Ernest Quintana, 78, died a day after the news that his lungs were failing.
"My dad's reaction was, well I guess I'm going to go quickly then and put his head down-- that was it," said daughter Catherine Quintana.
A prognosis that would have been difficult to accept under any circumstance became even more painful for the Quintana family when the doctor used a robot to deliver the bad news.
Ernest Quintana was told by a doctor via video that he was going to die. Now his family wants Kaiser Permanente to change its policies and allow patients to choose between being treated in person or via video. @abc7newsbayarea pic.twitter.com/BfHIVk30xE— Luz Peña (@LuzPenaABC7) March 12, 2019
"The doctors said that there were no lungs left and he needed comfort care. That would entail a morphine drip until he died," explained Catherine.
ORIGINAL STORY: Man learns he's dying from doctor on robot video
Annalisa Quintana, the patient's 33-year-old granddaughter, was the only family member in the hospital room. When she saw a robot roll in with a doctor on the other side, she pulled out her phone and recorded the interaction. Annalisa's intention was to relate the information to the rest of the family.
"He couldn't understand the man. He couldn't hear him. The robot couldn't come all the way in the room. It could only come so far. Because it's a big machine, it couldn't come close enough. So there was no bedside manner, there was no compassion. He was reading a script," she said.
Kaiser Permanente defends its use of technology to treat patients and confirmed that as part of its policy a nurse or a doctor is always in the room. In a statement to ABC7 News, Kaiser said in part, "The evening video conversation was a follow-up to earlier in-person physician visits and was not used in the delivery of the initial diagnosis" and added "We regret that our use of a video call did not meet the Quintana family's expectations of a compassionate experience."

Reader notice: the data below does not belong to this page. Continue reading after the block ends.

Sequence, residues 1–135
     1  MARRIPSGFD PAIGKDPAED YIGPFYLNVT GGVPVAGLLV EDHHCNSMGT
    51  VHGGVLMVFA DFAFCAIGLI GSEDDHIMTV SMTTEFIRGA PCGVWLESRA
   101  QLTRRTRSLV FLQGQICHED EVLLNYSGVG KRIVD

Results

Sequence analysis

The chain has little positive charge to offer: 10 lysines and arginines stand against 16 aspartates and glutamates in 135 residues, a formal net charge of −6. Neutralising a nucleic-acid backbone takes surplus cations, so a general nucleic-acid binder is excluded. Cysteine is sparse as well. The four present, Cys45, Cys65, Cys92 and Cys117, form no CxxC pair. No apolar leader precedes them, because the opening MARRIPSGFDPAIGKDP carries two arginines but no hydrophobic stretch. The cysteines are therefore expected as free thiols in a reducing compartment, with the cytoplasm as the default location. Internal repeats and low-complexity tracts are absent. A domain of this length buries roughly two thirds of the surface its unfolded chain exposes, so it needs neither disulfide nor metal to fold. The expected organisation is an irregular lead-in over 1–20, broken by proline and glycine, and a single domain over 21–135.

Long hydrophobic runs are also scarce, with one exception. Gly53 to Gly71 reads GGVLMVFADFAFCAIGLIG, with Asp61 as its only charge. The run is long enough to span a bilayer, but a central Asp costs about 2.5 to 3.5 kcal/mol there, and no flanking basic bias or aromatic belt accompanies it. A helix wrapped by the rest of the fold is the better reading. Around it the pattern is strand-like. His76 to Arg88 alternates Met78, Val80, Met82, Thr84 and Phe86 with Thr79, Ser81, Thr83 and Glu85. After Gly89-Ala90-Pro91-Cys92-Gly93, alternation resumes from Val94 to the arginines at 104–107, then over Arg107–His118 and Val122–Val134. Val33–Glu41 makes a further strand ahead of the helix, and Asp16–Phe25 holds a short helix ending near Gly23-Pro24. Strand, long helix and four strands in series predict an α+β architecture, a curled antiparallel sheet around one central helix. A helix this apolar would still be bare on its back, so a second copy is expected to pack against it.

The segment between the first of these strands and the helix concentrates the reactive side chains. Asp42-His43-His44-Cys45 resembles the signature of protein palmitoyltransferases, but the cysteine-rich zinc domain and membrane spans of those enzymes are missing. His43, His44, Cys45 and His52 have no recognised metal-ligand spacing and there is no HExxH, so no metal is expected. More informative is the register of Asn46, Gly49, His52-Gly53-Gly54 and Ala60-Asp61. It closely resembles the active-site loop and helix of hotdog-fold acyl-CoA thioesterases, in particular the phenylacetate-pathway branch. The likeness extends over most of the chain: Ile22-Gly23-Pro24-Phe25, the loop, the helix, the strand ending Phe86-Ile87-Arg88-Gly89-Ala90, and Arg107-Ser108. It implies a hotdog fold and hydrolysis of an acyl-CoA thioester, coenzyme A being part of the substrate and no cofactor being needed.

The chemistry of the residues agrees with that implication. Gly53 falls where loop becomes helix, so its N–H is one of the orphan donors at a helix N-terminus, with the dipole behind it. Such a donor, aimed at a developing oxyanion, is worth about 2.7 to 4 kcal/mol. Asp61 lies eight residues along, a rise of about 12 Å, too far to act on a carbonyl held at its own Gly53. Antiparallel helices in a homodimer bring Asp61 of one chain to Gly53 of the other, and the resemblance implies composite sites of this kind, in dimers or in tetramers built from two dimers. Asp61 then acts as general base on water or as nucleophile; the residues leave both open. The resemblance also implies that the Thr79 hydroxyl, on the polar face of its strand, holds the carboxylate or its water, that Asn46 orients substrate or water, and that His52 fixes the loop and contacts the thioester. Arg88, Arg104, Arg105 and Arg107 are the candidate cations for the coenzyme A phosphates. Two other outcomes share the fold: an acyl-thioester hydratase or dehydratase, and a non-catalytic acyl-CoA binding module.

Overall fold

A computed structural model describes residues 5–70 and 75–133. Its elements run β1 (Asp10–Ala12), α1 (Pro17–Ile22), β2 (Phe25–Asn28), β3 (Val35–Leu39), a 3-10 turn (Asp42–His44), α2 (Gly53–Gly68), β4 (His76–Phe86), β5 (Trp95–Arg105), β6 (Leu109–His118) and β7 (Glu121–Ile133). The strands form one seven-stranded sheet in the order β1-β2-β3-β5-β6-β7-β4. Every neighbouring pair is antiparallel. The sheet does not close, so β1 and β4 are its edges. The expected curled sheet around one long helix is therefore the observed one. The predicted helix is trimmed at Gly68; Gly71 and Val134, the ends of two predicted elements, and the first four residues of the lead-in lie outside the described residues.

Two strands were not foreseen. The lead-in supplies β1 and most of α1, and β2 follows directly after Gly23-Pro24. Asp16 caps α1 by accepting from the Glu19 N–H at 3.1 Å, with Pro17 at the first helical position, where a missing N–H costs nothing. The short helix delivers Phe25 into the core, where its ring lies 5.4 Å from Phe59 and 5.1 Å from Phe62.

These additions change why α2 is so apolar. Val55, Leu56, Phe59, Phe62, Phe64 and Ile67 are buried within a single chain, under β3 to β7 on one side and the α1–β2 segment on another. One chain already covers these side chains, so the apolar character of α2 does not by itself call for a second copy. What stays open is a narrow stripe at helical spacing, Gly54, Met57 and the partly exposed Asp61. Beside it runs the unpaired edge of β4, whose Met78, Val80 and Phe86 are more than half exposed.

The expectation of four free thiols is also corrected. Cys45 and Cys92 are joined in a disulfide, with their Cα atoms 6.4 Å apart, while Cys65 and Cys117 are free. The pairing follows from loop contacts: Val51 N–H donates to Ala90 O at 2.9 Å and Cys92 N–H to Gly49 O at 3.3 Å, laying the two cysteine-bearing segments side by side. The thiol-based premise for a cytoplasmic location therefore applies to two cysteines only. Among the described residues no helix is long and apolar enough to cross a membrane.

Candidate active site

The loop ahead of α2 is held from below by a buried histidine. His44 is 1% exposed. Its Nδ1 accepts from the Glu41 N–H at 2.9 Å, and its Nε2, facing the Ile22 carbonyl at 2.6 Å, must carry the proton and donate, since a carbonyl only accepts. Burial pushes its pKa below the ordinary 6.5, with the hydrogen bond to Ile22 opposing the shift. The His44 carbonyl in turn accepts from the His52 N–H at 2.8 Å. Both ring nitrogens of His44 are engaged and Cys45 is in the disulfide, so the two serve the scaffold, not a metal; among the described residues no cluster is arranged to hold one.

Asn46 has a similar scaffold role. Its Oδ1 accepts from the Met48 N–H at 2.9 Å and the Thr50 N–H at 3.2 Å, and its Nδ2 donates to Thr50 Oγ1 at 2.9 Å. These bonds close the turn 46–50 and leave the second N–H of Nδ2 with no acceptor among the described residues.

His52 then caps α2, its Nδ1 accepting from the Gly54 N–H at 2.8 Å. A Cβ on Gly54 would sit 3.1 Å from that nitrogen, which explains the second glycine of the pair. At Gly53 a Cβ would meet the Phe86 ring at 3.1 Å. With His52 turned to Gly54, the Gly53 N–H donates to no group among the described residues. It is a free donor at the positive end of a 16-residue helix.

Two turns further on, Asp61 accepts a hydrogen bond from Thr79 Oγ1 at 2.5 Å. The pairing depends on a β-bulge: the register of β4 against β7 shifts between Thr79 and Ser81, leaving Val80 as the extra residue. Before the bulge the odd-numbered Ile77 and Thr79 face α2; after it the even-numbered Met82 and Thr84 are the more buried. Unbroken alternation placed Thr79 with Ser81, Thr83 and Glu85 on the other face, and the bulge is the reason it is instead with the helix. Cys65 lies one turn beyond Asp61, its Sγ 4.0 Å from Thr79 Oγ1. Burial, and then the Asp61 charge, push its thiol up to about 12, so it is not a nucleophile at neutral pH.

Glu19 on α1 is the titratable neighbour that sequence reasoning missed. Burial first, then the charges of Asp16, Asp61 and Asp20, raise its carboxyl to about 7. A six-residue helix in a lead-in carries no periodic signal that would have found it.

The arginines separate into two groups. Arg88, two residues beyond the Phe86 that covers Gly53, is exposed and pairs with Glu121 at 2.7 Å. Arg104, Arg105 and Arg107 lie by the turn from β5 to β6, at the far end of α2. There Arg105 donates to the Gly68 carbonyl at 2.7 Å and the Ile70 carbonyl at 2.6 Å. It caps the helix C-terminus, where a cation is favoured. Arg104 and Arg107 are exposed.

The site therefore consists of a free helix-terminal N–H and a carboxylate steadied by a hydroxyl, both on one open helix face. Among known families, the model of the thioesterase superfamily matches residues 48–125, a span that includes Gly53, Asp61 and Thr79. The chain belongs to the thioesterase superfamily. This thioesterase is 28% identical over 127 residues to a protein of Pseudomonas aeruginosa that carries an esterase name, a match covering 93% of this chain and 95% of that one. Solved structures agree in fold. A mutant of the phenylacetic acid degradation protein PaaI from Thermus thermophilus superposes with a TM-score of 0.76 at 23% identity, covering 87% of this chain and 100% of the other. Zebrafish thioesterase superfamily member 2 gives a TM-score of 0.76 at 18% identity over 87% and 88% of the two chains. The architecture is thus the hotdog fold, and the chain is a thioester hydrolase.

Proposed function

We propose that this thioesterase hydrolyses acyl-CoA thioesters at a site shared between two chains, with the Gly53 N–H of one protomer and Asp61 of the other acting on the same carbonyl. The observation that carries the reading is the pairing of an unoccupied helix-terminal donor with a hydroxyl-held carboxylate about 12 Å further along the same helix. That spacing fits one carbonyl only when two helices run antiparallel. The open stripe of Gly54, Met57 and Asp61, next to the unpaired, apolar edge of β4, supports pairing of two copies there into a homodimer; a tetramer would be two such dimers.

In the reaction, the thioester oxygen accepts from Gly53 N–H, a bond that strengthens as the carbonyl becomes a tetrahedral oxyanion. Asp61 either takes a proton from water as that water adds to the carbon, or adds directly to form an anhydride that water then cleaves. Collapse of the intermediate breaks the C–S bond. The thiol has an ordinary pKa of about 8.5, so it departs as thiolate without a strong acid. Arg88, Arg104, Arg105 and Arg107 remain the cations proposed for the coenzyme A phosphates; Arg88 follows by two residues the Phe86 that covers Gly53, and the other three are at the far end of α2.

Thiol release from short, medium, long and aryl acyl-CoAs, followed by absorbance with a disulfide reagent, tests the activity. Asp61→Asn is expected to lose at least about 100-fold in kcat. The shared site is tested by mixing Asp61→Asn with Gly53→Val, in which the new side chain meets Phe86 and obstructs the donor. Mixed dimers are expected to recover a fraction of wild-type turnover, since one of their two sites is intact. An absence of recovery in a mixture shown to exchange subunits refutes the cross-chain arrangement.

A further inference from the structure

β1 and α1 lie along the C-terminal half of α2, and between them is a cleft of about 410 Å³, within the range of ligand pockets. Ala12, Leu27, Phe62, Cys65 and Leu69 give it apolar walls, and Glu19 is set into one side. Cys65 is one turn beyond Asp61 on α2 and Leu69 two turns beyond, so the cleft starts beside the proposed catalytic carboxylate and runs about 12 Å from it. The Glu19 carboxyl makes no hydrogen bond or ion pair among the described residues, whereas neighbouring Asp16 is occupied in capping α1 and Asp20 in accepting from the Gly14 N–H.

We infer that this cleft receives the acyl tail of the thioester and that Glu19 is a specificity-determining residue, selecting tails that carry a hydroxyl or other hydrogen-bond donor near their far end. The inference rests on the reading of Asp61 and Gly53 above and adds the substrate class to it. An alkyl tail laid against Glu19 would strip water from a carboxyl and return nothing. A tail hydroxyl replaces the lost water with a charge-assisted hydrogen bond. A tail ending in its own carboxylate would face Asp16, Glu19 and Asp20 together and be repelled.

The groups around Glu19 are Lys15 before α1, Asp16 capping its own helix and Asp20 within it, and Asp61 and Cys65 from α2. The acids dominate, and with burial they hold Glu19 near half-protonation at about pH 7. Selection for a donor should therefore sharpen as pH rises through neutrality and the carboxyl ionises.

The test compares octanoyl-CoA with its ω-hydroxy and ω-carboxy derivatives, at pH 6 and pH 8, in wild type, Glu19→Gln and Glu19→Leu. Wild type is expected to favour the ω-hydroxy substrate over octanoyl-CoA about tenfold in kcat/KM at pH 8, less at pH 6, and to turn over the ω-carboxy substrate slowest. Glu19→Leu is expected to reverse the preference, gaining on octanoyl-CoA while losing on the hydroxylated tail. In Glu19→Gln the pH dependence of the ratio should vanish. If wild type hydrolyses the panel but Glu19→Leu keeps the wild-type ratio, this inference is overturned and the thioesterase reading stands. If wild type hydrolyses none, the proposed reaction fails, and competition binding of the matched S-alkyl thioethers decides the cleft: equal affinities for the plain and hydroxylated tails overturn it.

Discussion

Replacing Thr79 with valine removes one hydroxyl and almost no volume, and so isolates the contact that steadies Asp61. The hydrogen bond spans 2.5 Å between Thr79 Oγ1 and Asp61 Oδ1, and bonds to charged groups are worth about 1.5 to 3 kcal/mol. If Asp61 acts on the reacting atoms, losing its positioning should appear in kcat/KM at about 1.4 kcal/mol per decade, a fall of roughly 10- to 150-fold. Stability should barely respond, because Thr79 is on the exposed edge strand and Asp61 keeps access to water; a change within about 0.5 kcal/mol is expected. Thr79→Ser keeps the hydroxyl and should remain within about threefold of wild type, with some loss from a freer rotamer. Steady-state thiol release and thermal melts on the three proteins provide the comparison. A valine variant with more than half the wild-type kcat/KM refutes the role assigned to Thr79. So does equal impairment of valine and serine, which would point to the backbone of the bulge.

In the video recorded by Ernest Quintana's granddaughter, you can see a Kaiser employee in the background but the actual doctor via video.
"I think in regular care, somebody coming in for tonsils to be taken out or simple test results is fine. But not for people that are dying. People that are at their last end of life, it's not okay," said Quintana.
The Quintanas hope this experience will change Kaiser's policies and allow for patients to choose to be treated by a doctor in person or via video.
Statement from Michelle Gaskill-Hames, RN, Senior Vice President and Area Manager, Kaiser Permanente Greater Southern Alameda County
We are deeply sorry for falling short of the Quintana family's expectations. We offer our sincere condolences for the loss of their beloved family member and friend. We also take their concerns very seriously and have reached out to the Quintana family to address them.
Our patients are our top priority at Kaiser Permanente, which is why the story being reported over the past 24 hours about a "robot diagnosis" is heartbreaking and shocking.
Unfortunately, very little of what's being reported is accurate.
It is important to understand that we do not have robots that have medical discussions with patients or deliver terminal diagnoses. The evening video conversation was a follow-up to earlier in-person physician visits and was not used in the delivery of the initial diagnosis.
That said, we will use this as an opportunity to review how to improve patient experiences with video capabilities.
We discussed the diagnosis and prognosis of the case in person with the Quintana family and their loved one since he entered our hospital and our physicians and nurses were in regular, in-person communication with the patient and family about his condition. In order to provide an urgent evening consultation with a specialist physician, a live conversation was conducted using a video connection. A nurse was in the room to accompany the video conversation, as is our standard practice. We regret that our use of a video call did not meet the Quintana family's expectations of a compassionate experience.
When we provide these video conversations, they are always with a nurse or other physician in the room with the patient and family. Use of secure video conversations allows a small hospital to make additional specialists available 24/7 for patient consultation, enhancing the care provided and bringing additional consultative expertise to the bedside.
At Kaiser Permanente, our goal will always be to improve care and service. And, like every health care provider, we are continuously learning how best to integrate technology into patient interactions - and we will continue to do so for the benefit of our patients.